Theoretical background: The concept of rights

Wesley Newcomb Hohfeld (18791918) maintained that analysis of legal issues is frequently muddled and inconsistent because the legal concepts are improperly understood. The first question, therefore, is to understand what the rights are in "civil rights". There are two major schools of thought:

  • Hohfeld proposed a structured system of interrelated concepts
  • Nozick and Rawls approached the concept of rights from the perspectives of libertarian and Logical belief.

Implied rights

"Implied" rights are rights that a court may find to exist even though not expressly guaranteed by written law or custom, on the theory that a written or customary right must necessarily include the implied right. One famous (and controversial) example of a right implied from the U.S. Constitution is the "right to privacy", which the U.S. Supreme Court found to exist in the 1965 case of Griswold v. Connecticut. In the 1973 case of Roe v. Wade, the court found that state legislation prohibiting or limiting abortion violated this right to privacy. As a rule, state governments can expand civil rights beyond the U.S. Constitution, but they cannot diminish Constitutional rights.

By region

United States

Civil rights can refer to protection against public (government) and or private sector discrimination. In the United States, the Fourteenth Amendment to the United States Constitution protects citizens against many forms of State discrimination, with its due process and equal protection requirements. Civil rights can also refer to protection against private actors or entities. The U.S. Congress subsequently addressed the issue through the Civil Rights Act of 1964 Sec. 201. which states: (a) All persons shall be entitled to the full and equal enjoyment of the goods, services, facilities, privileges, advantages, and accommodations of any place of public accommodation, as defined in this section, without discrimination or segregation on the ground of race, color, religion, or national origin or sex. This legislation and the Americans with Disabilities Act of 1990 are constitutional under the Commerce Clause, as the Supreme Court has ruled that the Fourteenth Amendment only applies to the State. States generally have the power to enact similar legislation, provided that they meet the federal mininuim standard, under the doctrine of police powers.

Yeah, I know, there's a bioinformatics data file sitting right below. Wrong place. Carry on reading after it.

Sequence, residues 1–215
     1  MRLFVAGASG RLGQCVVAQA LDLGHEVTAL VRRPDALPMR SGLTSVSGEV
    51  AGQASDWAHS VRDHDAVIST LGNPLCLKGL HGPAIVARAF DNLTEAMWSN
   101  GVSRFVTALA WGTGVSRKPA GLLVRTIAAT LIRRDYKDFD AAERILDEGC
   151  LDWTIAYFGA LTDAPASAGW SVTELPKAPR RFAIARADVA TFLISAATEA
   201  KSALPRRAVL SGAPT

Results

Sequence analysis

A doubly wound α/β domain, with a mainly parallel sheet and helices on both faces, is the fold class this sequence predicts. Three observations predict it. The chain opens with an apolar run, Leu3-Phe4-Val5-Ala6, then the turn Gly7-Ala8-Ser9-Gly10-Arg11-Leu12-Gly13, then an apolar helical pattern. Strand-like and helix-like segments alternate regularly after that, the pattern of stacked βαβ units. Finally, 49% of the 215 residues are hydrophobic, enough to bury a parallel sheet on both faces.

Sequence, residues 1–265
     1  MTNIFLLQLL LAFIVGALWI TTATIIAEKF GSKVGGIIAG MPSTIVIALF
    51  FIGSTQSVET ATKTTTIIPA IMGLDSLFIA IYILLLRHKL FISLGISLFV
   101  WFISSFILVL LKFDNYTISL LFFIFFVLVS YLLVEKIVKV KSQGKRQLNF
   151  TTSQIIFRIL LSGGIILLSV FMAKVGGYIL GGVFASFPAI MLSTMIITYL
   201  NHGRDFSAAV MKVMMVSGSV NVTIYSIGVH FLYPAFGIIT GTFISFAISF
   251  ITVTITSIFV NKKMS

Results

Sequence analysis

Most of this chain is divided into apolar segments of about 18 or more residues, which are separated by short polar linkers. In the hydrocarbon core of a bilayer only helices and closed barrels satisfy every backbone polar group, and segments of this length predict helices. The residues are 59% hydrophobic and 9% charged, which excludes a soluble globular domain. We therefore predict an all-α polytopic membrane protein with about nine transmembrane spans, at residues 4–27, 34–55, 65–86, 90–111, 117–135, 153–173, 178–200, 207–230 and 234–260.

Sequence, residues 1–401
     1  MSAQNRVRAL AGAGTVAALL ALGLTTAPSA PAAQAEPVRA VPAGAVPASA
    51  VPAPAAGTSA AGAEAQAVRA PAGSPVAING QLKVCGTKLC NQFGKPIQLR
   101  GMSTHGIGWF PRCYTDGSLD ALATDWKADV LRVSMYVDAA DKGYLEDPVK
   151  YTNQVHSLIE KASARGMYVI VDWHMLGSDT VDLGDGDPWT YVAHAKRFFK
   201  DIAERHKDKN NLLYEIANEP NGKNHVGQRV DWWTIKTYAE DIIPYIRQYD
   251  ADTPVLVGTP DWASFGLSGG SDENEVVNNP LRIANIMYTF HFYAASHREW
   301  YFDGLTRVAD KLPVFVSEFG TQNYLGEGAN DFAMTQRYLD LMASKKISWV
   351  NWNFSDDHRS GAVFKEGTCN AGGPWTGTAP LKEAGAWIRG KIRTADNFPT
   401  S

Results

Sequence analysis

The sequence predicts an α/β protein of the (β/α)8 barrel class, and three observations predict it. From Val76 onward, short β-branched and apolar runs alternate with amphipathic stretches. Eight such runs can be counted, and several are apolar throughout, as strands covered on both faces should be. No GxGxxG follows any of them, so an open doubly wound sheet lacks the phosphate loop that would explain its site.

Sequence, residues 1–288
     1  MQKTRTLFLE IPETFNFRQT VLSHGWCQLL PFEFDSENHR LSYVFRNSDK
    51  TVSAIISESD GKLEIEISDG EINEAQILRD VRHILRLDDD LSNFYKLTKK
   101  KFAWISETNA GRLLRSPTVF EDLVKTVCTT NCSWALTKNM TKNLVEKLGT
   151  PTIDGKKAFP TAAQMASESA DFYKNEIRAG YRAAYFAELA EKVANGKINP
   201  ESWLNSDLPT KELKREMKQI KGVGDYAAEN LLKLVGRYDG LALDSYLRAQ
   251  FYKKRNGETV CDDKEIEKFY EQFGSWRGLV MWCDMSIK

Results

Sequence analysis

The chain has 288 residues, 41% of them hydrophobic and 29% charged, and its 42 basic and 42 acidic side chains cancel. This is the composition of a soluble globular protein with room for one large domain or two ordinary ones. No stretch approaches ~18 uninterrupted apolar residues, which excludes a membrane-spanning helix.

The terms civil rights and civil liberties are often used interchangeably in the United States. Thomas Jefferson wrote, "a free people [claim] their rights as derived from the laws of nature, and not as the gift of their chief magistrate."[1]

The United States Constitution recognizes different civil rights than do most other national constitutions. Two examples of civil rights found in the US but rarely (if ever) elsewhere are the right to bear arms (Second Amendment to the United States Constitution) and the right to a jury trial (Sixth Amendment to the United States Constitution). Few nations, not even including a world organization body such as the United Nations, have recognized either of these civil rights. Many nations recognize an individual's civil right to not be executed for crimes, a civil right not recognized within the US.

See also


  1. Thomas Jefferson: Rights of British America, 1774. ME 1:209, Papers 1:134


  • Arendt, Hannah, The Origins of Totalitarianism (1951)
  • Hohfeld, W. N., Fundamental Legal Conceptions as Applied in Judicial Reasoning, ed. by W.W. Cook (1919); reprint, New Haven, CT: Yale University Press, 1964.
  • Nozick, Robert, Anarchy, State, and Utopia, Basic Books. 1974.
  • Rawls, John, A Theory of Justice (Revised edition, Cambridge, Massachusetts: Belknap Press, 1999), ISBN 0-674-00077-3.
  • Smith, Jean Edward & Levine, Herbert M., Civil Liberties & Civil Rights Debated, Englewood Cliffs, New Jersey: Prentice Hall, 1988.

External links